Here is a recap of the stories that appeared last week at Science-Based Medicine, a multi-author skeptical blog that separates the science from the woo in medicine.  

The American Medical Student Association: On “integrating” quackery with science-based medicine (David Gorski) The AMSA has various initiatives in “integrative medicine;” numerous examples of blatant quackery are included. It is unfortunate that medical students are embracing unscientific medicine. Not all students support it; some correctly take a dim view of it, and a majority (shruggies) think fighting it is not important.  

The War Against Chiropractors (Harriet Hall) A chiropractor’s book claims that the AMA unfairly persecuted chiropractors in an all-out war against their competition, motivated only by money. The true history is very different. The book is a vicious screed filled with inaccuracies, poor reasoning, and insulting comparisons of doctors to Nazis; the author fails to make his case and degrades chiropractic.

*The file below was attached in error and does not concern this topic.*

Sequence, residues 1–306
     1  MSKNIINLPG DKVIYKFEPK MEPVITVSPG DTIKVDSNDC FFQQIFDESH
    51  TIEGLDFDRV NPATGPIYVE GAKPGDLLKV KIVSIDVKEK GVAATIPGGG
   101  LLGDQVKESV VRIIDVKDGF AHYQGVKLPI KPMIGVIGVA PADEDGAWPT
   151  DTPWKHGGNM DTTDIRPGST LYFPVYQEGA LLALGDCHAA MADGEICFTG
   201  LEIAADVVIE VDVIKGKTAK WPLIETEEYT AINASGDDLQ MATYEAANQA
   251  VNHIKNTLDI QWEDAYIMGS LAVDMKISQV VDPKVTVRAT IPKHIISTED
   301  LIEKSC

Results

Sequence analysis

The Placebo Gene (Steven Novella) A recent study found that a variant gene for Catechol-O-Methyl Transferase increases dopamine activity and appears to be correlated with response to placebos. This might predict response to various kinds of psychological interventions. The study is preliminary but intriguing, and it raises more questions than it answers.  

Weak drug regulation and patient tragedies: We’ve seen this story before (Scott Gavura) FDA regulations have a loophole: compounding pharmacies fall under state pharmacy regulators and oversight is not as good as for drug manufacturing companies. The recent outbreak of fungal meningitis from contamination of injectable drugs prepared in a compounding pharmacy may provide the impetus for more appropriate regulation.  

Following the Guidelines of Science: A Chiropractic Dilemma (Sam Homola) Samuel Homola was vilified by other chiropractors for exposing the problems of chiropractic. He describes his lifelong struggle against the subluxation myth and against quackery practiced by his colleagues. He explains why persons who want to provide manipulative therapies should become doctors of physical therapy and why chiropractic is not a viable career choice.